The Proof Is in the Printing


When a computer printer works as it should, smoothly turning out page after page and photo after photo, it’s a wonderful thing that is easy to take for granted. But when that printer acts up and doesn’t feed pages or photos properly, or prints unevenly in streaks even though it has full ink cartridges, then a user’s patience can be stretched to the limit of frustration. Unlike the computer a printer is often connected to, a printer has a lot of moving parts, and that is typically the source of their malfunctions.

Since a home user likely has an inexpensive inkjet printer, replacement of the entire unit is usually preferable over any repair that will get time consuming and therefore expensive. The cost of such a printer is subsidized by purchase of proprietary ink cartridges at inflated prices, which is an economic model a bit like cell phone subsidizing through service contract, but not quite. In the case of a cell phone being available at a nominal initial cost while the complete cost is spread out over the term of a two year contract, the user of the phone is the one and only subsidizer. With printers, the artificially low cost of many of them is subsidized by all the users of the ink, and the heaviest ink users do the most to support the cost of printers for everyone.

If people had to pay the full cost of a printer, they might have a better understanding of the value of these remarkable machines. Like computers, printers that fit on a portion of a desktop now are doing the work that machines in earlier times did while taking up a full room. The inflation adjusted price has also gone down over time, and really the comparison of technological capability does not hold up beyond basic numbers in saying that a modern desktop printer or computer can do the same work as room size machine of fifty years ago. The new machines can do much, much more.

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Peter Small demonstrating the use of the Gutenberg press at the International Printing Museum in Carson, California, in 2009. Photo by Flickr user vlasta2.

What appears to make a printer a special object of loathing when it doesn’t work as it should is the usually mechanical nature of its breakdowns, something that people have a visceral understanding of, rather than the electronic or computing problems of a computer or its hand held cousin, the smartphone, which many people find inaccessibly difficult. When a printer’s paper feed mechanism breaks down and starts chewing up pages, leaving a crumpled mess stuck partway in the printer’s maw, it’s like a willful dog has chewed up our slippers. We can understand that, and it taps into an older, simpler part of our brains than the aloof error message we occasionally see on a computer screen.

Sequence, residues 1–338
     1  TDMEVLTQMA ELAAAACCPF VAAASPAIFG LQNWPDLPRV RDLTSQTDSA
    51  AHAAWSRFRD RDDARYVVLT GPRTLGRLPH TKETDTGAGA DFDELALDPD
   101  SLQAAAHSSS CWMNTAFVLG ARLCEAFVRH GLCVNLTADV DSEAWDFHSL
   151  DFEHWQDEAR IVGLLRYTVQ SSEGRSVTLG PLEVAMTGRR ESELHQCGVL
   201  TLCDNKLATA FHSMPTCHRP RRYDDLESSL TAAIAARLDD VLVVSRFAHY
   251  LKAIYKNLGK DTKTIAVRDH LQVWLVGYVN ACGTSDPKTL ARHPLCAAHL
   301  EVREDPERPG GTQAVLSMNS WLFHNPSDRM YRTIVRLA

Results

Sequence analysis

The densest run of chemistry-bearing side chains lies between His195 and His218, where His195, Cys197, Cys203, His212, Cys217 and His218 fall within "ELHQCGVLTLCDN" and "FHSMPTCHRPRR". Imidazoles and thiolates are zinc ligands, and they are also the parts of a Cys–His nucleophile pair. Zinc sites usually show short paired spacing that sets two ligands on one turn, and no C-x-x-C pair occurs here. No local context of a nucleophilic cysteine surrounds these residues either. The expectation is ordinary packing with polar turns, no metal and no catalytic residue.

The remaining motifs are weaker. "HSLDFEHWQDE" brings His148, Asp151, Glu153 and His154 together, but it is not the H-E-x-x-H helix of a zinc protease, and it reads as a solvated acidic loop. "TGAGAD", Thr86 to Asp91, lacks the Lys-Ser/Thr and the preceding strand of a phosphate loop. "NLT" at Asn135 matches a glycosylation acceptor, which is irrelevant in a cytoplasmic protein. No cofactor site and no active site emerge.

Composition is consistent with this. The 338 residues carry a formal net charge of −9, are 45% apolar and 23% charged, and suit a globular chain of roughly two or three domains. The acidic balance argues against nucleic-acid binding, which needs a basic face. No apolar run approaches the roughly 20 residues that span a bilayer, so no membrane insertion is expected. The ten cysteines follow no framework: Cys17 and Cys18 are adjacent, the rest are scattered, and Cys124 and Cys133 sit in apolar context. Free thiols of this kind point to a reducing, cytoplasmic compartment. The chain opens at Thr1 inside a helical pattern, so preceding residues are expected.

In this scene from the 1999 dark comedy Office Space, written and directed by Mike Judge, a few workers take out their frustrations on the temperamental office printer, a stand-in for their frustrations with their workplace generally. Warning: foul language.

This time of year, Christmas, can be especially perilous for an inexpensive home inkjet printer to get glitchy. People are trying to print out photos for their Christmas cards, invitations for parties, and year end summations of their activities and personal growth to include in Christmas cards. In addition to the increased demand on their services in the lead up to Christmas, another danger to marginally useful printers is the frazzled, harried state of mind of their users during the year end holiday season.

No, a printing machine at Christmas that has started to show its age and groan with mysterious mechanical aches and pains is more likely to end up getting recycled by a user whose patience is at an end, rather than get repaired and restored to tip top condition. The latter outcome would be more likely if the printer was valued at its true price. Instead, the home user will replace it with a new printer promising two or three years of trouble free operation. The lesson there for the home user is that inexpensive inkjet printers are a reasonable investment for light use, but people who print a lot are better off with a more expensive machine that reflects its true value, is worth repairing, and relies on a fairer economic model than the highly subsidized market for ink.